Linus: Praying for Hammer to Win
I never had any experience of the Unix-based tools, but I have used VEST, which is the VMS-based binary translator.
As you said, it worked like a charm. There were only three major limitations:
Shareable images [=shared libraries] could also be translated, and images could then be pointed at the translated shareable image. So, even to this day, on an Alpha you have two Fortran sharable images: FORRTL (Alpha native) and FORRTL_TV (VESTed image for VAX support).
- You couldn't translate "system" images, because they were linked against the system symbol table (SYS.STB).
- You couldn't translate an image which was compiled on VMS version 3.0 or earlier (well, there has to be a cut-off point for backwards compatibility somewhere!). So, programs compiled before 1984 were untranslatable [including VAX Space Invaders unfortunately (compiled 1981; never found any sources)]
- You couldn't translate images which used self-modifying code.
Object libraries could not be translated, but the compilers still generated (and maybe still do?) VAX object code and the linker could create a VAX executable, which could then be translated.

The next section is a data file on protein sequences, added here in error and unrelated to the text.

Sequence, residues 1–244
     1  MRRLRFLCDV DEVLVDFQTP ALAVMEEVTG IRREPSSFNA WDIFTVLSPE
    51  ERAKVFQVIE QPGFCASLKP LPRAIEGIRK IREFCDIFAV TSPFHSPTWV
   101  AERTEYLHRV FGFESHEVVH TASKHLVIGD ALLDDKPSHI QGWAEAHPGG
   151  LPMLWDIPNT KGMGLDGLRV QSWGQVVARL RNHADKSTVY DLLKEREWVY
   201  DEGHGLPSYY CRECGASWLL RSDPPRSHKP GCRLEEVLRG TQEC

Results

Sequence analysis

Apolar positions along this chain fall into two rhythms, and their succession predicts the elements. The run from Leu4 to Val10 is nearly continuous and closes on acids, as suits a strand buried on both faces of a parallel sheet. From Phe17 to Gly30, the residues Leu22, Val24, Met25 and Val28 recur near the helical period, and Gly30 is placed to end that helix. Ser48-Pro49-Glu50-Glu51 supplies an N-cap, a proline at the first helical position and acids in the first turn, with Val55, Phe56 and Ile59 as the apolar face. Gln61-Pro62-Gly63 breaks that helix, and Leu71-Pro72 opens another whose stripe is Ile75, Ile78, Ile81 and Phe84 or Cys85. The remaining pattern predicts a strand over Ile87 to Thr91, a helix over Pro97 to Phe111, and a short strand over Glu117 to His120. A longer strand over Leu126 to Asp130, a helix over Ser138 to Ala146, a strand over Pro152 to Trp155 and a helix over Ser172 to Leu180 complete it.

IIRC, it used recompilation rather than interpretation: the recompilation was not dynamic, but the image activator would generate .HIF files when it came across a piece of code that could be re-organised; these .HIF files could then be used to re-optimise the executable by VESTing the VAX executable and telling VEST to look at the .HIF file.
VEST is no longer available with new Alphas, but you can still get it, if you ask, from Digital...errm, sorry, Compaq...errm, sorry, "the new hp" ;)
A similar binary translator is planned to translate Alpha binaries to IA64 binaries for the IA64 port of VMS.
 Officially I believe the name stood for "VAX Executable Symbol Translator" or some such.
 Because it could be very bad for system stability, as kernel data structures were radically different.